G. Daniel O’Donnell
DECHERT — MEMORANDUM — 2010 YEAR-END BONUSES
From: Barton Winokur
Date: February 2, 2011
Subject: 2010 US Associate Bonuses
We are pleased to announce our U.S. associate bonuses for 2010. Bonuses will be paid in February to all U.S. associates who were reasonably busy during 2010 and who were evaluated as performing in the manner we expect of lawyers at their level and progressing in accordance with the firm’s expectations, based on the following scale:
Class of 2009: $7,500
Class of 2008: $10,000
Class of 2007: $15,000
Class of 2006: $20,000
Class of 2005: $25,000
Class of 2004: $30,000
Class of 2003 and more senior: $35,000
In applying a “reasonably busy” standard, we emphasize again that we do not want our associates working to a specific number of hours. Accordingly, we did not award bonuses based on a sharp cut-off of a particular number of hours. We also are aware that hours are not the only way to measure intensity of effort, quality of performance, and level of responsibility. Having said this, we believe that an associate who is reasonably busy would normally be performing legal work for clients, both billable and pro bono, in the range of 1,950 annualized hours. In addition, we expect all of our attorneys to contribute meaningfully to the firm on important projects such as marketing initiatives, recruiting, writing articles, and training. Thus, in determining bonuses, we spent a considerable amount of time reviewing not only how much time each associate recorded, but also how each spent his or her time, taking into consideration such factors as the balance among billable, pro bono and firm-related hours, firm citizenship, and whether the associate complied with the firm’s policies and procedures, including timely recording of time and the firm’s pro bono requirements.
In determining whether and to what extent the associate was “performing in the manner we expect of lawyers at their level and progressing in accordance with the firm’s expectations,” we considered not only individual and overall ratings, but also how senior the associate is relative to his or her level.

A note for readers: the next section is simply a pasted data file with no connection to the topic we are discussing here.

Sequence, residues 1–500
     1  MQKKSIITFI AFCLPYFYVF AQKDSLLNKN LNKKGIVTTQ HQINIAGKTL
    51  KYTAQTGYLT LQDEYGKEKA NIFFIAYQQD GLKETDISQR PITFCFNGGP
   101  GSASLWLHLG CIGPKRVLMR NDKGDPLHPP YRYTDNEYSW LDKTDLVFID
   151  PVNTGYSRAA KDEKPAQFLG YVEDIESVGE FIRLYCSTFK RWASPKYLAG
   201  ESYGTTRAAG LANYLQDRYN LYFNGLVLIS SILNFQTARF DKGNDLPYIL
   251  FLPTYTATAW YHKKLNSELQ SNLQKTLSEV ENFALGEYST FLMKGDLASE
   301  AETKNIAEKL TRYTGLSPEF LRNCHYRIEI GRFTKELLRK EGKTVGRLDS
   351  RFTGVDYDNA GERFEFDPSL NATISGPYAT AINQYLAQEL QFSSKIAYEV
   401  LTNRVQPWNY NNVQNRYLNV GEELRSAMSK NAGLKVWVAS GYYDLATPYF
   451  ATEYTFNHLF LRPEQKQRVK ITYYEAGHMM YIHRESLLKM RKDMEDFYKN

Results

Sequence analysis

As a result of this merit-driven review, we awarded full class bonuses to almost every associate who was reasonably busy, including many who had well below 1,950 billable and pro bono hours. Moreover, we are paying bonuses substantially above the grid – and, in a number of instances, up to twice the grid – to a significant number of associates. Finally, as we did last year, we have expanded the bonus pool to provide partial bonuses to many associates who fell short of the reasonably busy standard, but whose overall contributions, we felt, merited some recognition.
As in the past, we pro-rated bonuses for associates who did not work a full year or did not work full-time and we made relatively small deductions for repeated late time entries and for failure to meet pro bono requirements. These deductions were made from only a small number of bonuses.
We are immensely proud of our associates and are happy to show them our appreciation for their hard work and high performance with our bonus program. Associates who are receiving bonuses will be informed of the amount by the end of this week. Questions should be directed to practice group leaders, Craig Godshall or Molly Peckman.
Barton J. Winokur